Leonardo Meneses
Associate Director of Exploitation

Developing Chicontepec to Its Full Potential

Wed, 01/22/2014 - 09:52

Mexico’s Chicontepec paleochannel is the largest hydrocarbon deposit in the country. According to CNH data, the basin holds approximately 38% of the country’s 3P reserves. For this reason, the area is set to play an important role in Mexico’s hydrocarbon production in the following decades. However, according to Leonardo Meneses Larios, Associate Director of Exploitation of CNH, the Chicontepec project is at a rather early stage in terms of the available knowledge of the geology and the optimal drilling and production technologies, resulting in great uncertainty surrounding production forecasts and volumes. “As more technical information is incorporated into cropping models, seismic 3D, core samples, geophysical records, imagery records, special records such as magnetic resonances and mineralogy, fluid samples, and laboratory studies, more understanding of the paleochannel will become available,” says Meneses Larios. “To address geological challenges, it is important to integrate structural studies of Chicontepec’s complex fields, including distribution, spacing, and orientation of the existing faults. It is equally necessary to do detailed studies on the sedimentary model in turbidites and to strengthen the information available on the field’s petrophysical characteristics.”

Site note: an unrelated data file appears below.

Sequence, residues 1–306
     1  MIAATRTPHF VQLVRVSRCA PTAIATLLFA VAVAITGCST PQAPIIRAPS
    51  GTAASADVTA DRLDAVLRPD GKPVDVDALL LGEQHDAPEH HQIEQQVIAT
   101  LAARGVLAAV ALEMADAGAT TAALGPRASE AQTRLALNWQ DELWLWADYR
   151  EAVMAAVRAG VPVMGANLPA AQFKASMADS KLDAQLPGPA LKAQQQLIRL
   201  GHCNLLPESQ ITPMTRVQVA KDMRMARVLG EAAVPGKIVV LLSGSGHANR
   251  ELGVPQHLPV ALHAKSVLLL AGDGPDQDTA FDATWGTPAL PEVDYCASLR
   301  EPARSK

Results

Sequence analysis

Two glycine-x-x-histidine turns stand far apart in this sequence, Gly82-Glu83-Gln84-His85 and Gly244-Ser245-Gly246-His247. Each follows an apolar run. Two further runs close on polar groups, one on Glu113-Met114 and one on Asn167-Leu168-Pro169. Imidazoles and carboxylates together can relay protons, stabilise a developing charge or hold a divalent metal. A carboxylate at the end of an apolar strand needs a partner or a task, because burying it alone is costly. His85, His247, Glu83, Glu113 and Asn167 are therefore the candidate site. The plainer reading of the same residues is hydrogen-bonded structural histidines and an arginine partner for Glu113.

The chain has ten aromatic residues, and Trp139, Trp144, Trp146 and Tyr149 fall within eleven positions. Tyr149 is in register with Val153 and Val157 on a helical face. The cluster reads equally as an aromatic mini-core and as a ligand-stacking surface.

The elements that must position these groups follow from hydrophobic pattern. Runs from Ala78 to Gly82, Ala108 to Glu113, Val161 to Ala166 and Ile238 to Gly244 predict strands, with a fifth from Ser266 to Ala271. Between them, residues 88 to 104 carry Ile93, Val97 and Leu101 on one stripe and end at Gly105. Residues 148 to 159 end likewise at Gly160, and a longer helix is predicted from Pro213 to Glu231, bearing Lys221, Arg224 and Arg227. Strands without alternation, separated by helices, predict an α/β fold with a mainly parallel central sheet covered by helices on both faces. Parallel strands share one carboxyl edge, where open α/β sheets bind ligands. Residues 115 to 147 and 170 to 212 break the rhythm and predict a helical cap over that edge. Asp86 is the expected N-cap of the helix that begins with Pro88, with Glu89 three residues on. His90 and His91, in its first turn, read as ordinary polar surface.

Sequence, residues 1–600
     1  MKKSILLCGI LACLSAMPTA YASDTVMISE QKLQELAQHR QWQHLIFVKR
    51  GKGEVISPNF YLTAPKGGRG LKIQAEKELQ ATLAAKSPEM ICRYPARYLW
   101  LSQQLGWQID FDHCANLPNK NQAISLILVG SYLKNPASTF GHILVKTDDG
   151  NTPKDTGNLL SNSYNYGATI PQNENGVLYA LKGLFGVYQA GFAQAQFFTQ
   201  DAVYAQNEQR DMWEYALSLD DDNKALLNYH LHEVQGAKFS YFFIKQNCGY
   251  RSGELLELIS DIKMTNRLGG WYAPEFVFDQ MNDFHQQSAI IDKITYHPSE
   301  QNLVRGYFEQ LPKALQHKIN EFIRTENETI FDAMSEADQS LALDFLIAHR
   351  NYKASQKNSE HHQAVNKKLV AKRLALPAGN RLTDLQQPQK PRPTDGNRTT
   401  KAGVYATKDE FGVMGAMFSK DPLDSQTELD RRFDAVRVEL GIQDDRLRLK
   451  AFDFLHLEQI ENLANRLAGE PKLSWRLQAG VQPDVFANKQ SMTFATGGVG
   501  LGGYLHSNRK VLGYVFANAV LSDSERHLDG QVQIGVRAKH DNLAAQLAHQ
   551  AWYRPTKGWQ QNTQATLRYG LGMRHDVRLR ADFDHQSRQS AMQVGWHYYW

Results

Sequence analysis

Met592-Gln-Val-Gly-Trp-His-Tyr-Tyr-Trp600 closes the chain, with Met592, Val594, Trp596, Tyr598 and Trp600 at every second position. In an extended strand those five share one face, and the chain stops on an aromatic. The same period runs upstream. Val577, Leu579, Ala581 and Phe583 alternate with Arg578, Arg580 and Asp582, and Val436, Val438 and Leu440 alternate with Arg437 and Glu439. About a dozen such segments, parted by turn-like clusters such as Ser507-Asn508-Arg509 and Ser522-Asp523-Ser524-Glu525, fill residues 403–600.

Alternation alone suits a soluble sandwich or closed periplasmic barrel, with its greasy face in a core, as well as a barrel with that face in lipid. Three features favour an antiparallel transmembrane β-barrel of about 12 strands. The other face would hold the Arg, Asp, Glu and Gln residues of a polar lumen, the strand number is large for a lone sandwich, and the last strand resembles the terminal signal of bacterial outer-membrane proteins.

Meneses Larios says that PEMEX is using various strategies in the development of Chicontepec’s complex fields. “From my point of view, the most successful method used has been the implementation of field laboratories. Service companies, which have contributed to the basin’s development by introducing different technologies through their field labs, played a significant role in driving this approach.” However, Meneses Larios comments that the success of the field labs should not be measured in terms of drilling and production metrics; they should instead have evaluation systems to measure the success of technology implementation.

Meneses Larios has some recommendations for how to develop Chicontepec to its full potential. First, he says it is necessary to accurately define the investment costs and implementation times for technologies that are to be either developed or tested. Meneses Larios notes that in spite of the complexity entailed in similar basins, there have been plenty of successful experiences at the international level. “Chicontepec should be managed according to international best practices, borrowing strategies from comparable projects in order to establish an optimal development plan and exploitation strategy. Once this is achieved, it will be possible to implement the optimal technologies on a large-scale basis,” Meneses Larios suggests. He also mentions particular elements to be considered, such as making the distinction between conventional and unconventional wells when planning field development, maintaining well pressure, and improving secondary recovery processes. Once the learning stage is over, Meneses Larios recommends reviewing reserve volume estimates, production forecasts, and economic assessments. “It is possible to extract significant volumes of hydrocarbons from Chicontepec, which highlight the importance of this basin in the country’s future oil and gas production, regardless of whether PEMEX or private operators will be in charge of this operation,” he concludes.